Our annual Books Issue is a celebration of words and writers — and, if you prefer, of ink on paper. As the weightless world of screens takes over more of life, printed books resist digital domination.
For a people of the Book, as Christians are, Scripture forms our faith. The Word of God nourishes, as it did for the prophet who, in a vision, ate a scroll that tasted as sweet as honey (Ezekiel 3:1-3).
The metaphor of consuming divinely inspired words — thus making them a part of who we are — reminds us of the importance of reading Scripture with understanding.
For biblical guidance in the Anabaptist tradition, we turn to Herald Press, the book publishing arm of MennoMedia, and its frequent additions to the collection of books that enrich our engagement with Scripture.
A new Herald Press book that offers biblical scholarship for laypeople is Timothy J. Geddert’s The Beginning of the Story: Understanding the Old Testament in the Story of Scripture.
Geddert, who retired this year from teaching at Fresno Pacific Biblical Seminary, hurdles the stumbling blocks — “too much war and too many laws”; a reward-and-punishment emphasis that contradicts typical life experience — that lead many Christians to sidestep much of the Old Testament as confusing or irrelevant.
Geddert tackles the tough questions with an eye toward reading the first three-quarters of Scripture as Jesus did.
“No straight line should ever be drawn from anything in the Old Testament to modern-day application without considering how the coming of Jesus shapes what an appropriate application should look like,” he says.
While emphasizing that Jesus changed everything, Geddert clarifies the importance of recognizing Christianity’s roots in Judaism. Followers of Jesus belong to the same faith community as Abraham, Moses, David and Esther.
With relevance to current events, Geddert refutes the antisemitic trap of supersessionism, which holds that the church has replaced Israel as God’s chosen people. He also shuns dispensationalism, which asserts that Israel rejected the Messiah, so God temporarily set Israel aside until its end-times return to center stage when the church is raptured (taken to heaven).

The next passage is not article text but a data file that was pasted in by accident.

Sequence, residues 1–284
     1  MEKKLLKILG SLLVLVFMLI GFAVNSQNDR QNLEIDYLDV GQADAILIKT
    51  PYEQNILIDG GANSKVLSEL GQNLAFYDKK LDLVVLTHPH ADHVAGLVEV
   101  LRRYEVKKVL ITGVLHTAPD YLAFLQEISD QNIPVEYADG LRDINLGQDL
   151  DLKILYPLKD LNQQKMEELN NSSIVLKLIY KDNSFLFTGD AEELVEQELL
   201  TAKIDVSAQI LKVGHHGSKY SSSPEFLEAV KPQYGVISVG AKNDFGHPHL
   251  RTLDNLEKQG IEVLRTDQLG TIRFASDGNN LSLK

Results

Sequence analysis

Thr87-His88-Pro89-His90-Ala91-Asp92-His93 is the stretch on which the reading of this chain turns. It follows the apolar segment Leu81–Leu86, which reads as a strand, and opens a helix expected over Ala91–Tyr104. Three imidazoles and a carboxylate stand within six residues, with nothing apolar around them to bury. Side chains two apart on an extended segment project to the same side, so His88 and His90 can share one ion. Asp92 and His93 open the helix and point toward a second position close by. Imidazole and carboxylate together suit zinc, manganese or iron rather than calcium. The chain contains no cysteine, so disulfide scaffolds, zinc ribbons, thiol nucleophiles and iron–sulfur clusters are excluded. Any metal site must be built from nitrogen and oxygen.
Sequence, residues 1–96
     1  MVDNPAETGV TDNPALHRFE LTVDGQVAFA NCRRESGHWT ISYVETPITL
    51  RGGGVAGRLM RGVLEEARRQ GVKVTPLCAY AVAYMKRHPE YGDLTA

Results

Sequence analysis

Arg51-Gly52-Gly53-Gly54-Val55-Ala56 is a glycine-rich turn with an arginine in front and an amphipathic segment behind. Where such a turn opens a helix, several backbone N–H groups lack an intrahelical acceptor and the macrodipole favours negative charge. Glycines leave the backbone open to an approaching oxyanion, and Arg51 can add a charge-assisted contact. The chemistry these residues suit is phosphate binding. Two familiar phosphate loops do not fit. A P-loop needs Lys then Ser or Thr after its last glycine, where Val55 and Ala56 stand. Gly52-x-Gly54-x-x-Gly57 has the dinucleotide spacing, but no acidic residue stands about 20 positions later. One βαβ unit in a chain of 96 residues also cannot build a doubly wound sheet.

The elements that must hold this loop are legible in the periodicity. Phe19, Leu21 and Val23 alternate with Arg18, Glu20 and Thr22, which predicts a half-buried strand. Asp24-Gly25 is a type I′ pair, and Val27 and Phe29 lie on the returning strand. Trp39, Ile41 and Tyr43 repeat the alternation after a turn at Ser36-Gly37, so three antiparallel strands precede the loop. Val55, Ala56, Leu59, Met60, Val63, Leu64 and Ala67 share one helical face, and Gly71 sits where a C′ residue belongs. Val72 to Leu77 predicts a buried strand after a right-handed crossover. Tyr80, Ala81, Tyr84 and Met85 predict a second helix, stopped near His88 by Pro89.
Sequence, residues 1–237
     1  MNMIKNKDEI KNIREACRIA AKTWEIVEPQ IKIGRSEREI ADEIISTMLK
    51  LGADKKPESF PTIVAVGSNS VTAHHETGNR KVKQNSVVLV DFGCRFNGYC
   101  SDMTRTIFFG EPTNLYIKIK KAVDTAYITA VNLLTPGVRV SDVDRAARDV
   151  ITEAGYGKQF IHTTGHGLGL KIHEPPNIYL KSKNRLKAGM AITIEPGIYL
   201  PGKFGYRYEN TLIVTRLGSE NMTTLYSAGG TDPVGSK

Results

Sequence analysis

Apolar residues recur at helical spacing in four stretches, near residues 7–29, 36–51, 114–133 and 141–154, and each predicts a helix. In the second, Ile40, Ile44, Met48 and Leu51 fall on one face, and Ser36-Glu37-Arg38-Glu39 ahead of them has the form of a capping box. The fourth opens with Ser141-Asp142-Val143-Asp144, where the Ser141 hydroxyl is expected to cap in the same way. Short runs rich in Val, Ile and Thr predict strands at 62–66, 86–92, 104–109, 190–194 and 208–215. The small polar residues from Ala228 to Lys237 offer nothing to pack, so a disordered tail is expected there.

Dispensational theology leads many Christians to “uncritically support whatever is in the best interests of ethnic Jews in the nation-state of Israel, no matter what the consequences might be for Palestinians or other people groups,” Geddert says. In the current Israel-Hamas war, the theology that shapes U.S. Christians’ support for Israel feeds the cycle of violence, reinforcing the belief that Israel is justified to exact all the retribution it chooses in response to Hamas’ attacks.
Geddert favors a third way to understand the Jewish-Christian relationship: The church is God’s continuation of Israel. Israel did not reject Jesus; rather, it was divided in its response to Jesus (as the Gentile world also was). Israel did not need to be replaced or supplemented. “Believing Jews and believing Gentiles formed one body in Christ; thus we should not speak of a Gentile church,” Geddert says.
God always intended to build a covenant community that began with Israel and continued beyond it. Starting with Abraham, God created a new people group rather than adopting one that already existed. God’s people have always been identified not by blood relationships but by a covenant, which anyone in the world can join.
Geddert views Israel and the church as a continuous stream: “Jesus did not come to found the church. He couldn’t, for the church had been founded many centuries before Jesus came, when God brought into existence the covenant people of Israel.”
Both Jews and Christians, Geddert says, have often forgotten that being God’s people is not about national or ethnic identity. “Over and over again, people have imagined that living in a so-called Christian land and attending (or even being members of) an official church somehow makes one truly Christian,” he says. “This has never been the case.” Clarifying the Christian-Jewish relationship is just one insightful part of Geddert’s book.
The Old Testament, Geddert says, “contains countless treasures waiting to be discovered.” This Books Issue spotlights new treasures in Anabaptist publishing.